Did this seminal event happen in 1968 in the midst of the civil rights movement? No. Did it happen in 1978 at the height of the women’s liberation movement? No. It happened in 1988, just 27 years ago. Until then, the BSA still argued that only men could serve as uniformed troop leaders. (We shouldn’t feel too bad, however; it took until today for an NFL team to hire its first female coach–and she’ll only work with the Arizona Cardinals’ inside linebackers during training camp and the preseason.)
I’m sure many Scouters thought the sky was falling when the doors were open to Catherine Pollard. And the BSA did have to deal with the inconvenience of creating separate bathroom facilities and changing a method of Boy Scouting from “adult male association” to “adult association.”
But guess what? Scouting survived. And today, some of the strongest Scoutmasters (and Scout executives and volunteers at every level of the program) are women.
In announcing its 1988 decision, the BSA made the following statement:
It is time to recognize that in our changing society the unique strength of Scouting lies in the dedicated efforts of both men and women. Our efforts must be focused on helping chartered organizations select the best possible leadership, male or female, to carry forward a Scouting program that serves the youth and adults for whom the organizations are responsible.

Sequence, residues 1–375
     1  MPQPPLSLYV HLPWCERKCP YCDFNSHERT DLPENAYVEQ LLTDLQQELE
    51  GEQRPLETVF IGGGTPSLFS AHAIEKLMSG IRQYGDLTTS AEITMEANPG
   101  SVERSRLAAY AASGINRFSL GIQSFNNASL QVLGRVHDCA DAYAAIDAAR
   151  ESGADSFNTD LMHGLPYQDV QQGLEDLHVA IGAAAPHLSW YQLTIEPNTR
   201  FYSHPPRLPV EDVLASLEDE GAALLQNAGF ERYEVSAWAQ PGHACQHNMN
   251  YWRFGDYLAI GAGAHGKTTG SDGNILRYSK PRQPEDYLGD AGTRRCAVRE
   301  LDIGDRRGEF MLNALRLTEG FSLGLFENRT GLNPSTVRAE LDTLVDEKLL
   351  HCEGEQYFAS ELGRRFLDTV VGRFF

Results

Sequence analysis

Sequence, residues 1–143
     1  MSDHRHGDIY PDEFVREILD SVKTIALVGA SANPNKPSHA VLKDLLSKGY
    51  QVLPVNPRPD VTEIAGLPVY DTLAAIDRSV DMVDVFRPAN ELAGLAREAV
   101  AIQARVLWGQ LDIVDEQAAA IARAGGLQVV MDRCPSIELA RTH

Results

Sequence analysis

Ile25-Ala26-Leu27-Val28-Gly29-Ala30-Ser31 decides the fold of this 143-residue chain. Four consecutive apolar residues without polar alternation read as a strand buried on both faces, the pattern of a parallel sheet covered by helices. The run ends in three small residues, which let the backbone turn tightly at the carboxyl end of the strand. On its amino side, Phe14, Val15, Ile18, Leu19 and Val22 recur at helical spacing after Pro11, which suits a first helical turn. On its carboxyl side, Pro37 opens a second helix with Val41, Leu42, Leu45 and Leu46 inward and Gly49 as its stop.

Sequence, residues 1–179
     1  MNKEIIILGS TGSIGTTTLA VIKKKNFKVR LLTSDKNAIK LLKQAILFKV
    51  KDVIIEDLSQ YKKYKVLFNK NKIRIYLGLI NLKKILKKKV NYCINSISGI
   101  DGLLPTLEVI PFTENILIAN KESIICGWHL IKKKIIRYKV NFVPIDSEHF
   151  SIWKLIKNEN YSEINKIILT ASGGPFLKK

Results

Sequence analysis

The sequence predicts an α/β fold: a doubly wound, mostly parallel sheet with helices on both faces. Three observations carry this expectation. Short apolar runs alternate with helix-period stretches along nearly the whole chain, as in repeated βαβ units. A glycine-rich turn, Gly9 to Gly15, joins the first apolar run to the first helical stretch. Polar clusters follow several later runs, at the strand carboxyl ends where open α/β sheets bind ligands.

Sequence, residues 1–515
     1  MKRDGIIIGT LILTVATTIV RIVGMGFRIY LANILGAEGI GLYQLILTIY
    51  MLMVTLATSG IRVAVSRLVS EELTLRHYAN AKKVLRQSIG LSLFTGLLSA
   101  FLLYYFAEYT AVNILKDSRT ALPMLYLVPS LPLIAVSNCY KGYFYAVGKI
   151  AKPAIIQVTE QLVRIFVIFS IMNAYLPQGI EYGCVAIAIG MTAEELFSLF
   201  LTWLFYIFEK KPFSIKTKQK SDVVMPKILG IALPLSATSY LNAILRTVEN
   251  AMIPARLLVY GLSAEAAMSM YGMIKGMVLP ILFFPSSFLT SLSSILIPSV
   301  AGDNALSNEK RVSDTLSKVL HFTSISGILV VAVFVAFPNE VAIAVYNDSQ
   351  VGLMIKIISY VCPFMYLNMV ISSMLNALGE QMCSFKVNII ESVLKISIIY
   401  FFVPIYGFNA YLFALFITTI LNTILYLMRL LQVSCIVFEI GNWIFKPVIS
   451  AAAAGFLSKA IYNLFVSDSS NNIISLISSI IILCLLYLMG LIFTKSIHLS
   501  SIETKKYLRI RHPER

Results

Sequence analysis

The long-standing tradition of providing exclusively male leadership to adolescent boys in Boy Scouting was rooted in the belief that a crucial part of a boy’s development as he grows older is his relationship with a caring adult male. Scouting has provided a structure in which men can interact with boys in a non-threatening way, more as friends or mentors than as authority figures. Under this new policy, community-based organizations that use the Scouting program will continue to select the best available leadership for boys in Scouting, but with an even larger pool of potential leaders from which to choose.
The criteria used to select unit leadership are now, more than ever, in the hands of the individual organization that is using Scouting as a resource. All recommendations for commissions to serve in unit leadership roles shall originate with the unit committee. The heads of the community unit committee and the local council must approve the registration of the leader. The importance of selecting the most qualified person available to be the unit’s leader cannot be overly stressed.
That statement, with a few wording changes, could easily have been recycled for yesterday’s announcement. As was the case 27 years ago, chartered organizations can now “select the best available leadership for boys in Scouting, but with an even larger pool of potential leaders from which to choose.”
And isn’t selected the best leaders–and putting our Scouts first–what we should all be focused on? As a wise Scouter once told me, “If it’s not for the boys, it’s for the birds.”
Note: There’s a great place to argue about this and other weight issues. It’s called the real world. If you do choose to comment below, remember that a Scout is courteous.